One crab’s response to ocean acidification

Climate change is often discussed in terms of its atmospheric effects, but increased carbon dioxide levels are also having an impact on the ocean. Carbon dioxide is absorbed by the ocean and a chemical reaction in the water results in ocean acidification. Human involvement in increased atmospheric carbon dioxide includes the burning of fossil fuels and deforestation.

https://spikko.files.wordpress.com/2011/03/ocean-acidification.jpg?w=600&h=412

Atmospheric carbon dioxide levels are increasing, which leads to more carbon dioxide being absorbed by the ocean. Carbon dioxide binds to water producing carbonic acid that dissociates to hydrogen and bicarbonate ions. A higher concentration of hydrogen ions means that the water is more acidic and has a lower pH. This process is known as ocean acidification. Diagram credit: Spikko

Marine animals are sensitive to changes in their environment such as the decreased water pH due to ocean acidification. Our experiment this week focused on the effects of ocean acidification on the recovery time from chill coma of green shore crabs (Hemigrapsus oregonensis).

The green shore crab. Photo credit: Marietta College

Green shore crabs, the familiar crabs that you find underneath rocks at the beach in British Columbia, are ectotherms, which means that their internal temperature is determined by the temperature of their environment. At a low temperature, known as the thermal critical minimum, the crabs stop moving and enter “chill coma”. We measured the crabs’ recovery times from chill coma by cooling the crabs in an ice water bath until they stopped moving and recording the time that it takes for the crabs to right themselves once they have been removed from the ice bath and placed on their backs. Recovery time from chill coma is a proxy for an animal’s ability to tolerate cold. We measured the recovery time for two sets of crabs. One set, the control group, had been left in unaltered sea water for one week. The other set, the experimental group, had carbon dioxide bubbled into the sea water that they were left in for one week, which reduced the water’s pH. We learned from the results of our experiment that crabs which had been exposed to low pH conditions had a faster recovery time than the control crabs and thus are more cold tolerant.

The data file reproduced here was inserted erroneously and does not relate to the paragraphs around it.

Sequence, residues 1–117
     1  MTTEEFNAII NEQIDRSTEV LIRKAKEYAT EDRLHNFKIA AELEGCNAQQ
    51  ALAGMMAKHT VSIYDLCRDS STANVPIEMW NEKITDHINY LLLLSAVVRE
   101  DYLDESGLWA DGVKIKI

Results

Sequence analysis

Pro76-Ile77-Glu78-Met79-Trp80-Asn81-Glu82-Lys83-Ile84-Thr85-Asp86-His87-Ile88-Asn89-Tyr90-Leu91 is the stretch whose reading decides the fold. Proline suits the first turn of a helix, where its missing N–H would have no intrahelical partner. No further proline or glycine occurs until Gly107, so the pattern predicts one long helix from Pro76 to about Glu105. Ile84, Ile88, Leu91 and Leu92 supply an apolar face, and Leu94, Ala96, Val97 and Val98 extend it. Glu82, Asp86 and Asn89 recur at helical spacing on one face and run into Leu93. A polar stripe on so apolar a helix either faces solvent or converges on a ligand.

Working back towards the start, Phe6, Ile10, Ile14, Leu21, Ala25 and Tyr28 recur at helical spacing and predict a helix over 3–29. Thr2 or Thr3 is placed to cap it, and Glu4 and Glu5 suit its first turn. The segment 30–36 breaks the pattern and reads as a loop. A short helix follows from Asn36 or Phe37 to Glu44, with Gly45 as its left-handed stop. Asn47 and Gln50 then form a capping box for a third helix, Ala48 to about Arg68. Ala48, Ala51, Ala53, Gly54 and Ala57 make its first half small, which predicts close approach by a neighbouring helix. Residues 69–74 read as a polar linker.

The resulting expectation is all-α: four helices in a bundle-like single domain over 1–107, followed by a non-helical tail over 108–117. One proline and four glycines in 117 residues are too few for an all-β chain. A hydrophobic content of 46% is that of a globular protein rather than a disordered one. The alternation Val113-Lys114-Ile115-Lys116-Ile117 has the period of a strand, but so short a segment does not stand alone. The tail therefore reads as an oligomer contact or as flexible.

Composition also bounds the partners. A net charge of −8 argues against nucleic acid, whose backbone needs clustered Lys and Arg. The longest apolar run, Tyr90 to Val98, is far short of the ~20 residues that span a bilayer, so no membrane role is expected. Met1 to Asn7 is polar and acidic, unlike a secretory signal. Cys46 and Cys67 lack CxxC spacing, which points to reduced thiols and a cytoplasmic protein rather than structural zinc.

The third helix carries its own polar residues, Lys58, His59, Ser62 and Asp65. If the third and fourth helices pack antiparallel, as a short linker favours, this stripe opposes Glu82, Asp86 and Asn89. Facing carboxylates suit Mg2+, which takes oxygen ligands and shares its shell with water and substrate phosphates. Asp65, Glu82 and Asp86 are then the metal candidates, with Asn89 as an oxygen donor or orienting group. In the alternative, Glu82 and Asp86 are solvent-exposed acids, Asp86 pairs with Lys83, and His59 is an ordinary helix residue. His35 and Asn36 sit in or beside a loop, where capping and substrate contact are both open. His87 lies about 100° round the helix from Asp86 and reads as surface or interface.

The results of our experiment demonstrate that ocean acidification has an effect on marine invertebrates. Climate change will have an effect on the marine ecosystem and will alter it in ways that we cannot fully predict due to the many interactions of biotic and abiotic factors. Our green shore crab experiment is just one example of how a marine animal will respond to ocean acidification.

To reduce your contribution to global climate change and ocean acidification you can reduce your carbon dioxide emissions by driving less and reducing your use of paper. Driving less helps because the burning of fossil fuels, such as gasoline, produces carbon dioxide that enters our atmosphere contributing to climate change. Reducing your use of paper helps because our forests are an excellent carbon sink, trees remove carbon dioxide from our atmosphere and release oxygen, so carbon dioxide is absorbed by trees instead of the atmosphere or the oceans. Walk, bike, take transit and car pool when you can, this will reduce the amount of fossil fuels that you burn, reducing the amount of carbon dioxide that you emit to the atmosphere. Cut down on your use of paper, print-double sided, hand in assignments electronically, read the newspaper online, and use hand dryers instead of paper towels, because this will reduce the demand for paper which will reduce deforestation for paper products. Click here for more suggestions on how to reduce your carbon footprint. Being conscious of your contribution to global climate change and making small changes will help to reduce the future impacts of climate change which can help ensure that species like the green shore crab thrive.

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